Vocabulary

The Grand Dictionary of the Lithuanian language, consisting of 20 tomes containing more than half a million headwords

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Lithuanian language
fact was puzzling to many linguists prior to the middle of the 19th century, but was later influential in the re-creation of the Proto Indo-European language. In any event, the history of the earlier relations between Baltic and Slavic languages and a more exact genesis of the affinity between the two groups remains in dispute.

Indo-European vocabulary
Lithuanian is considered one of the most conservative modern Indo-European languages. This conservativism becomes especially apparent when Lithuanian is compared to a Germanic or a Romance language, as languages of these groups have greatly simplified their inflectional systems or levelled out declension altogether. Slavic languages are, on the other hand, more similar to Lithuanian. Lithuanian retains cognates to many words found in classical languages, such as Sanskrit and Latin. These words are descended from Proto-Indo-European. A few examples are the following: • Lith. and Skt. sūnus (son) • Lith. and Skt. avis and Lat. ovis (sheep) • Lith. dūmas and Skt. dhumas and Lat. fumus (smoke) • Lith. antras and Skt. antaras (second, the other) • Lith. vilkas and Skt. vrkas and Lat. lupus (wolf) • Lith. ratas and Lat. rota (wheel) • Lith. senis and Lat. senex (an old man) • Lith. vyras and Lat. vir (a man) • Lith. angis and Lat. anguis (a snake in Latin, a species of snakes in Lithuanian) • Lith. linas and Lat. linum (flax, compare with English ’linen’) • Lith. ariu and Lat. aro (I plow) • Lith. jungiu and Lat. iungeo (I join) • Lith. gentys and Lat. gentes (tribes) • Lith. mėnesis and Lat. mensis and Skt masa (month) • Lith. dantys and Lat. dentes and Skt dantas (teeth) • Lith. naktys and Lat. noctes and Skt. naktam (nights, in Skt sg night is given) • Lith. sėdime and Lat. sedemus (we sit) This even extends to grammar, where for example Latin noun declensions ending in -um often correspond to Lithuanian -ų. Many of the words from this list share similarities with other Indo-European languages, including English. On the other hand, the numerous lexical and grammatical similarities between Baltic and Slavic languages suggest an affinity between these two language groups. However, there exist a number of Baltic (particularly Lithuanian) words, notably those that are similar to Sanskrit or Latin, which lack counterparts in Slavic languages. This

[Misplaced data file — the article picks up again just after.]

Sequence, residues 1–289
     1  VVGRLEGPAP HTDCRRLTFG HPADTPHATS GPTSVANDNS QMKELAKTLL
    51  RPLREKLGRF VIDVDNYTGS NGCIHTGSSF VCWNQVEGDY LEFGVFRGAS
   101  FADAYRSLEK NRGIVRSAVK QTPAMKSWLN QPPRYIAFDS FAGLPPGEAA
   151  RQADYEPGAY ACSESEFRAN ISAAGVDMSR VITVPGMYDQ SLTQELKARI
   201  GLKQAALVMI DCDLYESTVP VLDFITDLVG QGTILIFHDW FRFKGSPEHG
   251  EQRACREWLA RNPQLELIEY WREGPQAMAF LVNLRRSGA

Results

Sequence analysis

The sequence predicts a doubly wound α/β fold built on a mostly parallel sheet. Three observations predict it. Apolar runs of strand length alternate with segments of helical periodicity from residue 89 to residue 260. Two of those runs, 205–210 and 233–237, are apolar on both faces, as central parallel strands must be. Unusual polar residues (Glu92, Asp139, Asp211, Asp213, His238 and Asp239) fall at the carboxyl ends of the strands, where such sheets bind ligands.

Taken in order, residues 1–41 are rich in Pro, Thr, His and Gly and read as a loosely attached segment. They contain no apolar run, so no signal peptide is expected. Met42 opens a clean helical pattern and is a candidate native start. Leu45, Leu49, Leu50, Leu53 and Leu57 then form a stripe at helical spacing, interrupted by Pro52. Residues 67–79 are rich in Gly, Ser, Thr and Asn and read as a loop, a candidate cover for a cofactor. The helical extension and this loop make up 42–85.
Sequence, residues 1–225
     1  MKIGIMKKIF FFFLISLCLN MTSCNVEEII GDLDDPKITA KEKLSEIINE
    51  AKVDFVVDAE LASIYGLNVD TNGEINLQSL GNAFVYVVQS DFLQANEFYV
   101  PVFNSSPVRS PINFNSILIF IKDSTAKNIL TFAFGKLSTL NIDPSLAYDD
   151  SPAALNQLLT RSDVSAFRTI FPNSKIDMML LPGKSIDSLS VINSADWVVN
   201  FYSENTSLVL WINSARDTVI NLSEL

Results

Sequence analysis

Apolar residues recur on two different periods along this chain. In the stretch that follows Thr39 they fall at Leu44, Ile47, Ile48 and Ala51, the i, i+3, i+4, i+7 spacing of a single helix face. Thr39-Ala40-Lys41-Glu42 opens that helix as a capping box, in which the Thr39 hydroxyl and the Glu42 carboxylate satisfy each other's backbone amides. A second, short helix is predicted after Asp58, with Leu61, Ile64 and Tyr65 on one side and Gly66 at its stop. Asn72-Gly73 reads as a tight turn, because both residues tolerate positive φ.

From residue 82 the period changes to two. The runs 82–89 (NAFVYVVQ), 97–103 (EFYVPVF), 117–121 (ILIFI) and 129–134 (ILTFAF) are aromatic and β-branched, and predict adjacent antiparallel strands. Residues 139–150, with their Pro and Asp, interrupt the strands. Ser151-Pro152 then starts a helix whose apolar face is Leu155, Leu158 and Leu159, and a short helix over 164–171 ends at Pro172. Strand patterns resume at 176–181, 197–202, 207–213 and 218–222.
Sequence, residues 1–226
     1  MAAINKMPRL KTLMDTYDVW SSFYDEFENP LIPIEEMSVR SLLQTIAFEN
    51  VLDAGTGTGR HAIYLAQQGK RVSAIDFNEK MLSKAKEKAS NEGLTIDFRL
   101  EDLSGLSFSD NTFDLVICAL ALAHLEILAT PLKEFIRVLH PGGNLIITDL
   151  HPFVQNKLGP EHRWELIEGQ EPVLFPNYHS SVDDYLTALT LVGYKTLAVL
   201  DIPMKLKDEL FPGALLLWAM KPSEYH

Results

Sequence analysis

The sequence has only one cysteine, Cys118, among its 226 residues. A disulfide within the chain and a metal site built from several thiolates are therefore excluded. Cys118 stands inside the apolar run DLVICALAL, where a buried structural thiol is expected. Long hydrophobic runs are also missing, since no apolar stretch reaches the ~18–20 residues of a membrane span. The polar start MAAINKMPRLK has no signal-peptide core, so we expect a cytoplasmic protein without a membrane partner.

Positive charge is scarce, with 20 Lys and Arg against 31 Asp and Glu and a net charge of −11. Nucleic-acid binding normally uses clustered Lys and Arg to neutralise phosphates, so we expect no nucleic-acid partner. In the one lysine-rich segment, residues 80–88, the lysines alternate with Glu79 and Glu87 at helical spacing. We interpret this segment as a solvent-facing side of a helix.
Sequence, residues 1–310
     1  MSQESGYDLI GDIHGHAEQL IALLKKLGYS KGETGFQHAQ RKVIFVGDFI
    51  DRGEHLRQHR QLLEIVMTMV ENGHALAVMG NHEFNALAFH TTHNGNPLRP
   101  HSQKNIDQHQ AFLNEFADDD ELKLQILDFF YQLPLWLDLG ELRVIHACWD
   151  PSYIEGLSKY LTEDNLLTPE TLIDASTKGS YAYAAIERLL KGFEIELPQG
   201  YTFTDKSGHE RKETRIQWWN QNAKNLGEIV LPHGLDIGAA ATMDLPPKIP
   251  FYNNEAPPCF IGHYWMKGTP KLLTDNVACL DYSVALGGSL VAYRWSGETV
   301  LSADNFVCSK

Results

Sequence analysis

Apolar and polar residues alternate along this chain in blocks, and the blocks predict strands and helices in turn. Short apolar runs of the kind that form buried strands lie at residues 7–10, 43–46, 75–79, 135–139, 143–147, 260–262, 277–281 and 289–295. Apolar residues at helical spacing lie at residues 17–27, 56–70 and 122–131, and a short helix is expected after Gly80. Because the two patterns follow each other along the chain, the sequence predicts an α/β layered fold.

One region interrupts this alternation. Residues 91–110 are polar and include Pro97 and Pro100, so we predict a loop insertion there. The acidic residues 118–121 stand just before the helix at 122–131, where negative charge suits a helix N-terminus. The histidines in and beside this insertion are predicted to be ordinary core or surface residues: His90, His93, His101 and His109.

Loan words
In a 1934 book entitled Die Germanismen des Litauischen. Teil I: Die deutschen Lehnwörter im Litauischen, K. Alminauskis found 2,770 loan words, of which about 130 were of uncertain origin. The majority of the loan words were found to have been derived from the Polish, Belarussian, and German languages, with some evidence that these languages all acquired the words from contacts and trade with Prussia during the era of the Grand Duchy of Lithuania.[6] Loan words comprised about 20% of the vocabulary used in the first book printed in the Lithuanian language in 1547, Martynas Mažvydas’s Catechism.[7] The majority of loan words in the 20th century arrived from the Russian language.[8] Towards the end of the 20th century a number of English language words and expressions entered the spoken vernacular of city dwellers, especially the younger ones.[9] The Lithuanian government has an established language policy which encourages the development of equivalent vocabulary to replace loan words.[10] However, despite the government’s best efforts to avoid the use of loan words in the Lithuanian language, many English words have become accepted and are now included in Lithuanian language dictionaries. [11][12] In particular, words having to do with new technologies have permeated the Lithuanian vernacular, including such words as: • • monitorius (vaizduoklis) (computer monitor) • faksas (fax) • kompiuteris (computer) • failas (aplankas) (electronic file) It is estimated that the number of foreign words, particularly of a technical nature, that have been adapted to the Lithuanian language might reach 70% or more.[13] Other common foreign words have also been adopted by the Lithuanian language. Some of these include: • • taksi (taksis) (taxi)